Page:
df -i

Display disk partition sizes and types

This is what the man pages of fdisk say:

fdisk is a dialog-driven program for creation and manipulation of partition tables. It
understands GPT, MBR, Sun, SGI and BSD partition tables.

Block devices can be divided into one or more logical disks called partitions. This division
is recorded in the partition table, usually found in sector 0 of the disk. (In the BSD world
one talks about `disk slices’ and a `disklabel’.)

All partitioning is driven by device I/O limits (the topology) by default. fdisk is able to
optimize the disk layout for a 4K-sector size and use an alignment offset on modern devices
for MBR and GPT. It is always a good idea to follow fdisk’s defaults as the default values
(e.g., first and last partition sectors) and partition sizes specified by the
+/-<size>{M,G,…} notation are always aligned according to the device properties.

CHS (Cylinder-Head-Sector) addressing is deprecated and not used by default. Please, do not
follow old articles and recommendations with fdisk -S <n> -H <n> advices for SSD or
4K-sector devices.

Note that partx(8) provides a rich interface for scripts to print disk layouts, fdisk is
mostly designed for humans. Backward compatibility in the output of fdisk is not guaranteed.
The input (the commands) should always be backward compatible.

fdisk -l

Display disk usage for all files and directories in human-readable format

The du -ah command in Linux is used to estimate and display the Linux Disk Space Usage of files and directories in a human-readable format, including hidden files (those whose names start with a dot) and displaying the sizes in a more understandable format, such as kilobytes (K), megabytes (M), and gigabytes (G).

Breaking it down:

  • du: Short for “disk usage,” this command is used to estimate file space usage.
  • -a: This option tells du to include all files and directories, including hidden ones.
  • -h: This option is used to display sizes in a “human-readable” format, making it easier for users to interpret the sizes.

When you run du -ah, it recursively scans the current directory and all its subdirectories, calculating the disk space used by each file and directory. It then displays this information in a list format, showing the size of each file and directory along with their names. The sizes are displayed in a format such as “4.2K” for kilobytes, “23M” for megabytes, and “1.5G” for gigabytes.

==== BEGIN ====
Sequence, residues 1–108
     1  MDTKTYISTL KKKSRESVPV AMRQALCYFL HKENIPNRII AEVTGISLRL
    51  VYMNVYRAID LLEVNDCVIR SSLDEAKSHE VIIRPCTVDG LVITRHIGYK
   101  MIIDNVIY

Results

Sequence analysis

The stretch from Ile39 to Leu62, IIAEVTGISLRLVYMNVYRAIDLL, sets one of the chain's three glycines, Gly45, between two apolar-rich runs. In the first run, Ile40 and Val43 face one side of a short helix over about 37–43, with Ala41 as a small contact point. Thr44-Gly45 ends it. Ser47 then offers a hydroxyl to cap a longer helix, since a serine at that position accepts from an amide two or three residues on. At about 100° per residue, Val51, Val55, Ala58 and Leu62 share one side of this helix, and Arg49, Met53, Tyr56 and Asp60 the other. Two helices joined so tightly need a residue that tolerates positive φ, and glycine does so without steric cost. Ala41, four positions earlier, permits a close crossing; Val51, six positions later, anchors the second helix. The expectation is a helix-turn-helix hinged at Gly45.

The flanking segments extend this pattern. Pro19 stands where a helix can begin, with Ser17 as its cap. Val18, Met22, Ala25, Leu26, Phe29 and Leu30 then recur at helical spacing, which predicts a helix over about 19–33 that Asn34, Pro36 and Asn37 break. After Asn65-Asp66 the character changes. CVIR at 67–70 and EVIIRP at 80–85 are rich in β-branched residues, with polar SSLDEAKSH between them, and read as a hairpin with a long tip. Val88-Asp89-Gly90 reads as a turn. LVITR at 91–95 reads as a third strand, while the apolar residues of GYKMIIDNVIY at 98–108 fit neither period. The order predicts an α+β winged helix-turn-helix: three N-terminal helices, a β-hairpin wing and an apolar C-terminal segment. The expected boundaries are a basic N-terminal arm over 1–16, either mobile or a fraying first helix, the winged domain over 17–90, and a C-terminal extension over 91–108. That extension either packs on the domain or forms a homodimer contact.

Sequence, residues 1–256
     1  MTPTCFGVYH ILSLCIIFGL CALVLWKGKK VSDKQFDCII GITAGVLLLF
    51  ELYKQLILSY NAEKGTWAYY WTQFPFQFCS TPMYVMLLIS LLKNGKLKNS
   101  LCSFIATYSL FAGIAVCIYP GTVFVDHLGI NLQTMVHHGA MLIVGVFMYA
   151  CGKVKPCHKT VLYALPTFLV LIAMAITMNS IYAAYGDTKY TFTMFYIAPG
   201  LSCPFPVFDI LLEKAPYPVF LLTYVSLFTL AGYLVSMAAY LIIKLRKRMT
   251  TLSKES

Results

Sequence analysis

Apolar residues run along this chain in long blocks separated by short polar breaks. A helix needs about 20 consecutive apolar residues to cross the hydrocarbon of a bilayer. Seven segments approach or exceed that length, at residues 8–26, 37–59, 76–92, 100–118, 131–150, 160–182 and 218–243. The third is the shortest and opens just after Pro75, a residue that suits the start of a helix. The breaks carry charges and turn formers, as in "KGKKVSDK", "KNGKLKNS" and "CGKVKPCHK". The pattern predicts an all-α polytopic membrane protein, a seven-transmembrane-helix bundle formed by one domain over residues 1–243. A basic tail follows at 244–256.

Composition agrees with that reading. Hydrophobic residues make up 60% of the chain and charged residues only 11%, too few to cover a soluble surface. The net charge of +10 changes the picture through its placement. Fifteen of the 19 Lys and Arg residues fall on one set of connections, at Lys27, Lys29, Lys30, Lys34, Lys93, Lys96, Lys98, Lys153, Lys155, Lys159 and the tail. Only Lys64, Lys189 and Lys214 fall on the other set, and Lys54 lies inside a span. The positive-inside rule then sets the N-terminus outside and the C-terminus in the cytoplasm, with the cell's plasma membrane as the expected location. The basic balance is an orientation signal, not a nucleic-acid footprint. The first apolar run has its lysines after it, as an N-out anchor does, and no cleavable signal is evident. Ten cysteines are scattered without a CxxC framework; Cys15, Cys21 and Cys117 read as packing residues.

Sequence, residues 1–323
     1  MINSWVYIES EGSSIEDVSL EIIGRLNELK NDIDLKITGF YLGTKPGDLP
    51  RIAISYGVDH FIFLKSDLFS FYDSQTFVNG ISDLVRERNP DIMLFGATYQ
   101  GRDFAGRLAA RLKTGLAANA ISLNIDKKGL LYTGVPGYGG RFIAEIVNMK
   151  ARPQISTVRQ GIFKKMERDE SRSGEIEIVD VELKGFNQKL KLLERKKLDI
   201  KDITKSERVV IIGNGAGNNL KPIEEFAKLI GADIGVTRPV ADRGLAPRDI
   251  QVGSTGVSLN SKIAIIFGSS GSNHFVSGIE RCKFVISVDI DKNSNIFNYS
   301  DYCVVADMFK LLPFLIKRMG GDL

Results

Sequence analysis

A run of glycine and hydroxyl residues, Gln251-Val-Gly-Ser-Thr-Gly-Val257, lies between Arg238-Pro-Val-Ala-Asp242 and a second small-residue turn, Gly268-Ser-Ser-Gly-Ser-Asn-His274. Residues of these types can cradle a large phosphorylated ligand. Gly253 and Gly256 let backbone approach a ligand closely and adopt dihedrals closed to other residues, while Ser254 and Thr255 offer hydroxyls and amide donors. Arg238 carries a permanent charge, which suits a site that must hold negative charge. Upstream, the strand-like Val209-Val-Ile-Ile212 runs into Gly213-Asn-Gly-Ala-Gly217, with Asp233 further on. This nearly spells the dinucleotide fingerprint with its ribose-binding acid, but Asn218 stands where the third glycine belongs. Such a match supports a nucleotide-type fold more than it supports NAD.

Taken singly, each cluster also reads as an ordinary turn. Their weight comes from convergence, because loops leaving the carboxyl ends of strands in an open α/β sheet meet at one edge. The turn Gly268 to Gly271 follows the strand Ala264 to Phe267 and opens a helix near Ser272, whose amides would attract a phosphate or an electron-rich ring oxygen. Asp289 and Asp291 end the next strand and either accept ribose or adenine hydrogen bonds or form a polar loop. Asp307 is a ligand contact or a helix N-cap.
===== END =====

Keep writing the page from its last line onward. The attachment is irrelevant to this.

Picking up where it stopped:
du -ah

Display total disk usage of the current directory

du -sh

Linux Disk Space Usage – Find large files:

Summarizes disk usage and sorts by size (largest first)

du -h –summarize .: This command uses du to estimate disk usage of the current directory (.) and its subdirectories, displaying the sizes in a human-readable format (-h) and summarizing the total usage of each directory (–summarize). Instead of listing each file’s size, it provides a summary for each directory.

Elsewhere On TurboGeek:  What is Linux, and Why Should I Use It?

sort -nr: This command sorts the output from the previous command in reverse (-r) numerical (-n) order. By default, sort sorts text data, but with the -n option, it treats the data as numerical. With -r, it sorts in descending order.
So, when you run du -h –summarize . | sort -nr, it calculates the disk usage for each directory in the current directory and its subdirectories, summarizes the total usage for each directory, and then sorts the output in descending order based on the disk usage.

du -h --summarize . | sort -nr

Focus on specific directories:

Shows only the size of the /var/log directory

du -sh /var/log

Combine with find:

Locates files larger than 100MB

find . -type f -size +100M -print

Explore advanced options:

  • du --help or man du will show the full list of options (including --apparent-size-a, and -c) for customizing output


Richard Bailey, a seasoned tech enthusiast, combines a passion for innovation with a knack for simplifying complex concepts. With over a decade in the industry, he's pioneered transformative solutions, blending creativity with technical prowess. An avid writer, Richard's articles resonate with readers, offering insightful perspectives that bridge the gap between technology and everyday life. His commitment to excellence and tireless pursuit of knowledge continues to inspire and shape the tech landscape.